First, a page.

What lives in the woods and mountains of western Maine? How have flora and fauna in these ecosystems evolved over time? In what ways have humans made sense of these complex organisms, and how do wildlife policies reflect these understandings? These questions lie at the heart of our expedition, which takes us to “wilderness” areas around the state where we will study the biology, ecology, natural history, and classification of regionally significant game species.

One of our central premises will be that all things are interconnected, and that we can learn a great deal about nature, biology, and policy by studying them together. As that study unfolds, students will have opportunities to work with professionals across a range of resource-management fields and work with wildlife data in real-world contexts.

Modules:

    • BI 102: Introduction to Evolution & Genetics
    • MA 102: Precalculus or MA 200: Applications in Mathematics: Theme
    • SS 121: Cross Cultural Comparison of Wildlife Policies

In addition to students interested in Wildlife and Place theme, students who are interested in exploring the following degree majors are encouraged to select this expedition: Wildlife Biology, Wildlife and Fisheries Management

Category 4

Students enroll during either 6-week block of semester 2.

Renewable Energy

Commerce and Enterprise Lens 

Modern society has a large, and growing, demand for energy. The International Energy Administration predicted in 2019 that global energy consumption will rise nearly 50% between 2018 and 2050. While there are many options for energy generation, it is so-called ‘fossil’ sources (coal, oil, and natural gas) that currently supply most of the energy needed to meet global demand. Fossil energy resources are finite – there is only so much in the ground — and are responsible for environmental change and degradation at local to global scales. Therefore, society must envision a future where energy demand is met predominantly by non-finite and environmentally sustainable energy sources – so-called ‘renewables’.

This expedition will investigate the benefits and drawbacks of a suite of renewables, as well as barriers that must be overcome to make the transition to a renewables-dominated energy portfolio. In particular, this expedition will focus on the role of marketing in helping renewable energy enterprises to reach new customers. Northern New England and Maritime Canada will serve as testbeds for the exploration of content and concepts in this expedition.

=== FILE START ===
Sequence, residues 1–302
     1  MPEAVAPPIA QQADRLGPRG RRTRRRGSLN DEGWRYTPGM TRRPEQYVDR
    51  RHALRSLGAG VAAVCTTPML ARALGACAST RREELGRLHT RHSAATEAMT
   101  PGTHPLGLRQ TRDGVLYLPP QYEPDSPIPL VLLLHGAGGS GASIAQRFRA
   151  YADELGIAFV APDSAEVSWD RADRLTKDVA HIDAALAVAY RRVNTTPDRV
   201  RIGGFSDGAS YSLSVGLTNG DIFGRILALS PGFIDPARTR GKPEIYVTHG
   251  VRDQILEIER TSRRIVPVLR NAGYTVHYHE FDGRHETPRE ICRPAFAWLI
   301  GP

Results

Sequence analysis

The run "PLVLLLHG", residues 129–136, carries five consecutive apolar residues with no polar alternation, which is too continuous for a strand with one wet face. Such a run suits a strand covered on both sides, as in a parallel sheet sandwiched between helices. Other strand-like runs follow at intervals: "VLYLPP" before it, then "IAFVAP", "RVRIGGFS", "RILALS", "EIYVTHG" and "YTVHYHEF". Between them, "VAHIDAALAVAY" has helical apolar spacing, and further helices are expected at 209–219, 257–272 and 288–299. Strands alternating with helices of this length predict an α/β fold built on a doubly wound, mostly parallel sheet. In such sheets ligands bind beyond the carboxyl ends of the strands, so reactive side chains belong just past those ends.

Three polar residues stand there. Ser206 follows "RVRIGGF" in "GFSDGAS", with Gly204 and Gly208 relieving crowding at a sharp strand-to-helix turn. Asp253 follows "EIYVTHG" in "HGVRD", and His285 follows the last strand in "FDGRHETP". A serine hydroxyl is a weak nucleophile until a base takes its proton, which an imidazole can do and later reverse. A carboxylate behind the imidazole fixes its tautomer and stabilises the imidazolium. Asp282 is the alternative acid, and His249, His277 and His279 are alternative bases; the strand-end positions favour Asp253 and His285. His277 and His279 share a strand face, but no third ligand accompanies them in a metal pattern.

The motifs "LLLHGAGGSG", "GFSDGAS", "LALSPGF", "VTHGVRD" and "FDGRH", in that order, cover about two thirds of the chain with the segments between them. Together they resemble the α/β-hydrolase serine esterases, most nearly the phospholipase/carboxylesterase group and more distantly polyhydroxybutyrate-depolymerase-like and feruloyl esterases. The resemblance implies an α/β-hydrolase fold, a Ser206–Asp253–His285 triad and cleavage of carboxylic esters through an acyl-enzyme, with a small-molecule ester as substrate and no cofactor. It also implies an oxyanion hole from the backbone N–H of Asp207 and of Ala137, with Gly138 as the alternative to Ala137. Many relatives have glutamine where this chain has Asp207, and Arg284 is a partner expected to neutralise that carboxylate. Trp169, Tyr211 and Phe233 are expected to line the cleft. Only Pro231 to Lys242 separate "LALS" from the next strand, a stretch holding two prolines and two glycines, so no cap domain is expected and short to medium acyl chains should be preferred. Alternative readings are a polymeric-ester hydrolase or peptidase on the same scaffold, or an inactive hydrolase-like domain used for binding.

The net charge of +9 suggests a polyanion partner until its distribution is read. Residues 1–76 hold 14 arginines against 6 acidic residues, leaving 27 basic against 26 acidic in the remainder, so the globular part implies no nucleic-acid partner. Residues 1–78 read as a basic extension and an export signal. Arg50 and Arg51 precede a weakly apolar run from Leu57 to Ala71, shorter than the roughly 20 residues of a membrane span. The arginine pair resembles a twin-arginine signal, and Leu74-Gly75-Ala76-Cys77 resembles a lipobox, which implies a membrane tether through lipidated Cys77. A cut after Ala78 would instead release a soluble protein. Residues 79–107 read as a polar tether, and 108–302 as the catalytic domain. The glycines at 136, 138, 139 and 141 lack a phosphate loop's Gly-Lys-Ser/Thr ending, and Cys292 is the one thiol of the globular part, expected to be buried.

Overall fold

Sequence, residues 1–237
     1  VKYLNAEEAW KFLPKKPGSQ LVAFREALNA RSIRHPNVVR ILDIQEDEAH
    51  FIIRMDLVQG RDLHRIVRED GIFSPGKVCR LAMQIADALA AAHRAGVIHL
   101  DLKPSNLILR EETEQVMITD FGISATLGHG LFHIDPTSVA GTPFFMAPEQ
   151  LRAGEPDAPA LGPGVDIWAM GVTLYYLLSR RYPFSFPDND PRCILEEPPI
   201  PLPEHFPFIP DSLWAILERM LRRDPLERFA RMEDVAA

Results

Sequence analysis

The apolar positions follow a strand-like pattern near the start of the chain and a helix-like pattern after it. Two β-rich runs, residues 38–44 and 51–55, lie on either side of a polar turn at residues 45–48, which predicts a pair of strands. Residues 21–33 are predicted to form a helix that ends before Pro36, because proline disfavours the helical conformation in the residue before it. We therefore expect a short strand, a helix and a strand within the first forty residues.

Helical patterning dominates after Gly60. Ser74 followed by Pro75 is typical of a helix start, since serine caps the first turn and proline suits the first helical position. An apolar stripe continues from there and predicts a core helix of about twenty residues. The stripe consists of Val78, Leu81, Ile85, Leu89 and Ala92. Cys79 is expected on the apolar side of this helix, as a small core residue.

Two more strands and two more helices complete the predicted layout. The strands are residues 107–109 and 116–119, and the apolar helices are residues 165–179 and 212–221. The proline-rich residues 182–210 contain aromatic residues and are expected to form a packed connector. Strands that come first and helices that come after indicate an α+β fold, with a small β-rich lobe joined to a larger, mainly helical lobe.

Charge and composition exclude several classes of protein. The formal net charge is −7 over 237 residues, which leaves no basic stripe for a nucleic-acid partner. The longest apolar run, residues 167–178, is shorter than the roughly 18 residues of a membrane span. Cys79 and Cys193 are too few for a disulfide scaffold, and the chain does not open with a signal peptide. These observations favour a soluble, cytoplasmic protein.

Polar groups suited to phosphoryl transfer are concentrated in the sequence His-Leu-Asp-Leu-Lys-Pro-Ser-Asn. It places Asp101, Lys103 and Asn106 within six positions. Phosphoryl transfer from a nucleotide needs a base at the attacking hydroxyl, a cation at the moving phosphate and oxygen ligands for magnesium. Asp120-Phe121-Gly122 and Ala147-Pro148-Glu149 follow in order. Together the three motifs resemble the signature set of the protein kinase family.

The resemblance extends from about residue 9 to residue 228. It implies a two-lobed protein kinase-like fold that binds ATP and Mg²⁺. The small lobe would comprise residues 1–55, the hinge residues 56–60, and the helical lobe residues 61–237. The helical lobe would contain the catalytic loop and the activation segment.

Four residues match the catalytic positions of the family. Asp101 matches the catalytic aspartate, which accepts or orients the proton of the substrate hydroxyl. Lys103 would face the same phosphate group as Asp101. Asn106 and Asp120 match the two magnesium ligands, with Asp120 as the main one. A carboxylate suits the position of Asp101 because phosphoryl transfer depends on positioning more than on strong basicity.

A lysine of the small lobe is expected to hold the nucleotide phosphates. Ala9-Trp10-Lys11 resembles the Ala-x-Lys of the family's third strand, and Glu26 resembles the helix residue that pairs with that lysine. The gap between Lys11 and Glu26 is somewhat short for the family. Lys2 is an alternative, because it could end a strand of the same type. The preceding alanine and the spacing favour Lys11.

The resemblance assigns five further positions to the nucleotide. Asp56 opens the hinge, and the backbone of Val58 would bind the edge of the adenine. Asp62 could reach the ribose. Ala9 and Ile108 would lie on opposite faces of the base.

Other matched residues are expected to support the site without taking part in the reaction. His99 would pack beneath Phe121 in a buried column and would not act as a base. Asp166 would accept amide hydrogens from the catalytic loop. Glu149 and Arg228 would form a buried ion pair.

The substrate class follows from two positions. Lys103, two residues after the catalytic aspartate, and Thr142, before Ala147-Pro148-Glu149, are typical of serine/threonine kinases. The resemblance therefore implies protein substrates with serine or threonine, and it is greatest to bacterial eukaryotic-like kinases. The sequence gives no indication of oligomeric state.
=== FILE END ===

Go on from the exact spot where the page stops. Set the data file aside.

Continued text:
Modules:

  • PY 102: Conservation Psychology
  • WR 103: Writing & Rhetoric 3
  • PS 199: Introduction to Sustainable Energy

In addition to students interested in Renewable Energy theme, students who are interested in exploring the following degree majors are encouraged to select this expedition: Sustainable Energy Management

 

Remaking Other People’s Plastic

The Human Experience Lens

Students in this expedition will address the psychological and social aspects of pollution, ranging from CO 2 to plastics. Students will explore what is currently being done throughout the world and will evaluate and communicate the effectiveness of these measures. Students should begin to question why humanity struggles with large problems and look to develop solutions focusing on the human side of pollution, not just the scientific or economic. By addressing opportunities and problems associated with one of the world’s most popular materials — plastic — students will communicate about the problem through an independent research project.

Modules:

  • PY 102: Conservation Psychology
  • WR 103: Writing & Rhetoric 3
  • CH 110: Chemistry

In addition to students interested in Remaking Other People’s Plastic theme, students who are interested in exploring the following degree majors are encouraged to select this expedition: 

 

Natural Resource Advocacy

Natural Resource Advocacy Lens

Natural resource advocacy occurs at a complex intersection of environmental, social, and economic interests. They operate in private, public, and non-profit sectors and at local, state, federal, and global levels. Students will explore this complexity by delving into case studies of natural resource advocacy that deal with proposed resource use or anthropogenic climate change. Case studies may focus on aquaculture, energy development, sustainable forestry, and/or water quality. In the process, students will strive to understand the motivations of diverse stakeholders and convincingly communicate their own points of view. They will leave this expedition with a deeper understanding of the challenges, needs, approaches, and opportunities for natural resource advocacy in a complex world.

Modules:

  • PY 102: Conservation Psychology
  • WR 103: Writing & Rhetoric 3
  • ES 120: Making Sense of Climate Projections

In addition to students interested in Natural Resource Advocacy theme, students who are interested in exploring the following degree majors are encouraged to select this expedition: Parks and Forest Resources

 

(Un)Natural Disasters

Natural Science Lens

In this expedition, we will explore natural disasters from the perspectives of the natural sciences, social sciences, and humanities. Each week of the expedition will  center on a unique example of a natural disaster. Students will employ scientific analysis (focused exploration into weather and climate) and diverse communication skills (such as verbal debates and analytical and critical writing) as we seek to articulate causes and repercussions of natural disasters both quantitatively and qualitatively. We will have the opportunity to meet with and talk with experts addressing these issues and to observe the impact of these events firsthand in previously affected communities.

While we will learn the science behind these events, we will also explore how natural disasters are influenced by human decisions and how they affect the choices, outlooks, and experiences of societies and individuals. Students will delve into the human experience by investigating the driving factors behind human choices and decision making, as well as the complex social issues that determine the outcomes and futures for those who endure these events. Throughout this expedition, we will explore how anthropogenic actions connect with the severity of these events and their outcomes. This expedition challenges us to understand a natural disaster event as a multi-faceted experience with diverse and long-lasting consequences for the Earth, societies, and individuals.

Modules:

  • PY 102: Conservation Psychology
  • WR 103: Writing & Rhetoric 3
  • GL 111: Weather and Climate

In addition to students interested in (Un)Natural Disasters theme, students who are interested in exploring the following degree majors are encouraged to select this expedition: Earth and Environmental Science